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To make my environment deployable, I occasionally tar up some handy files and scripts:

tar -czvf env.tgz .vimrc .vim/ bin/lsl bin/s

I would like to add .bashrc to the mix, but I have some sensitive information in there so I maintain .bashrc-deploy which I can then simply rename once the tarball is on the new server. However, I would really like to have the tarball have the correct name .bashrc from the get-go so that I would not have to rename. I considered writing a script which would temporarily rename the files and make the tarball, like so:

mv .bashrc .bashrc-real
mv .bashrc-deploy .bashrc
tar -czvf env.tgz .bashrc .vimrc .vim/ bin/lsl bin/s
mv .bashrc .bashrc-deploy
mv .bashrc-real .bashrc

However, does tar have any internal way of storing someFile with the name anotherName in the tarball?

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up vote 4 down vote accepted

One way you could do this is a chainload.

In .bashrc:


# ...
# Non-private information
# ...

[[ -r ~/.bashrc-private ]] && . ~/.bashrc-private

Then put (only) your private stuff in ~/.bashrc-private and everything else in ~/.bashrc. Then just deploy ~/.bashrc.

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Thank you, this is a far better solution as it does not require me to maintain two versions of .bashrc. Thank you! – dotancohen Nov 13 '12 at 11:23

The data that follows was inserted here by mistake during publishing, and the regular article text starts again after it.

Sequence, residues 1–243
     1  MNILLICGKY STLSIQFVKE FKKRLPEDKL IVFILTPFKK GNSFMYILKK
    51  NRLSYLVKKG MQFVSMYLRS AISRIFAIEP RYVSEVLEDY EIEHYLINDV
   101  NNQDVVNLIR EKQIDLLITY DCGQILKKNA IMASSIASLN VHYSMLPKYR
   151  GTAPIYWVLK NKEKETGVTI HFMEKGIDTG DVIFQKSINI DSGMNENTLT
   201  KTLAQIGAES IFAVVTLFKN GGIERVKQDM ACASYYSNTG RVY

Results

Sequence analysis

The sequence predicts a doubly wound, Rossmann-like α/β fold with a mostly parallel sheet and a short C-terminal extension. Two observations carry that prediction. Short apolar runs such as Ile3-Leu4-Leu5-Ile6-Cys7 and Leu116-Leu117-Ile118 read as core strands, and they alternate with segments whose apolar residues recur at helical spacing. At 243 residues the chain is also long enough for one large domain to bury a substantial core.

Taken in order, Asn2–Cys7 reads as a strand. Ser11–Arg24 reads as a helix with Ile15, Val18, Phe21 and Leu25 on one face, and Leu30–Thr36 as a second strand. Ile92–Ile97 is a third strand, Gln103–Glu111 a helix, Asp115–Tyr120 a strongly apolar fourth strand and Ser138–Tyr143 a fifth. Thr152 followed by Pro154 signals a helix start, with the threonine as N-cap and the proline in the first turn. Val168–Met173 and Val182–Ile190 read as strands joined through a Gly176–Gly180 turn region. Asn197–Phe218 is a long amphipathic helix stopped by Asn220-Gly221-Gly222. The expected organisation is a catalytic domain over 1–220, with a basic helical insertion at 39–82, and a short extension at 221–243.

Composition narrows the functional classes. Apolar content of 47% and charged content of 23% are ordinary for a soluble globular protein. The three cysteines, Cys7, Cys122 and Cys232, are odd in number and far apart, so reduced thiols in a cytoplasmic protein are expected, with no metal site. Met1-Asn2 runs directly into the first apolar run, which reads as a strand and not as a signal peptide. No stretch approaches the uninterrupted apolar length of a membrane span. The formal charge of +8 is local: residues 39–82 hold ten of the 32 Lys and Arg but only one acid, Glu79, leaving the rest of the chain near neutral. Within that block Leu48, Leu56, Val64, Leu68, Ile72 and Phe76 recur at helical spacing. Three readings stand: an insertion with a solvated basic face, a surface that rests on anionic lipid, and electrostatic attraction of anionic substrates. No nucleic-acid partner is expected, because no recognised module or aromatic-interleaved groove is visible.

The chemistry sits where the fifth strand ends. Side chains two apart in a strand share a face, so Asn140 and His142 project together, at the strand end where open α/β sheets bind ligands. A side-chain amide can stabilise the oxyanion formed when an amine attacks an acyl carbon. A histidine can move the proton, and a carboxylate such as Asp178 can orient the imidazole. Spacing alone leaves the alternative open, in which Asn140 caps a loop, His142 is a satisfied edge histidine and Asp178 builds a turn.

Some tar have the option. See bsdtar and pax – Stéphane Chazelas Nov 13 '12 at 11:29
@StephaneChazelas And GNU tar, which is probably what the asker has. – Gilles Nov 13 '12 at 22:01
Too bad the accepted answer doesn't answer the question at all. Such meta answers can be okay in forums, but IMO StackOverflow pages should discourage useless answers like these. – Ancurio Apr 5 '13 at 11:50
@Ancurio Yes, it was so useless that it was accepted by the OP. The OP asked the wrong question, he got the wrong answers. I am here to help, not play dumb to the actual needs of the person asking the question. – Chris Down Apr 5 '13 at 13:15

With pax (the standard (POSIX) command to create tar archives) and bsdtar see the -s option:

pax -s '/\.bashrc-deploy/.bashrc/' -w -x ustar . | gzip > a.tar.gz

bsdtar -s '/\.bashrc-deploy/.bashrc/' -zcf a.tar.gz .

Note however, that the above would replace the .bashrc-deploy string with .bashrc in any file path of any member to be added to the archive. If you want to replace only the ./.bashrc-deploy in the current directory, you'd have to write it:

pax -s '|^\./\.bashrc-deploy$|./.bashrc|' -w -x ustar .

(though from reading the POSIX pax specification, I'm not sure it's guaranteed to work that way with every pax implementation. It should work with bsdtar though as there's only one implementation).

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Interesting, thank you Stephane. I will look into pax and the BSD version of tar. – dotancohen Nov 13 '12 at 11:44
It should be noted that whilst pax is technically standardised by POSIX, many distributions don't include it in their base installation (Debian and Arch, to name the two I know for certain). – Chris Down Nov 13 '12 at 12:01
Also note that bsdtar is available on many Linux installations, such as an Arch default install (well, at least it was a year ago, I'm not using Arch anymore). IIRC, it's part of libarchive. – dubiousjim Nov 13 '12 at 14:01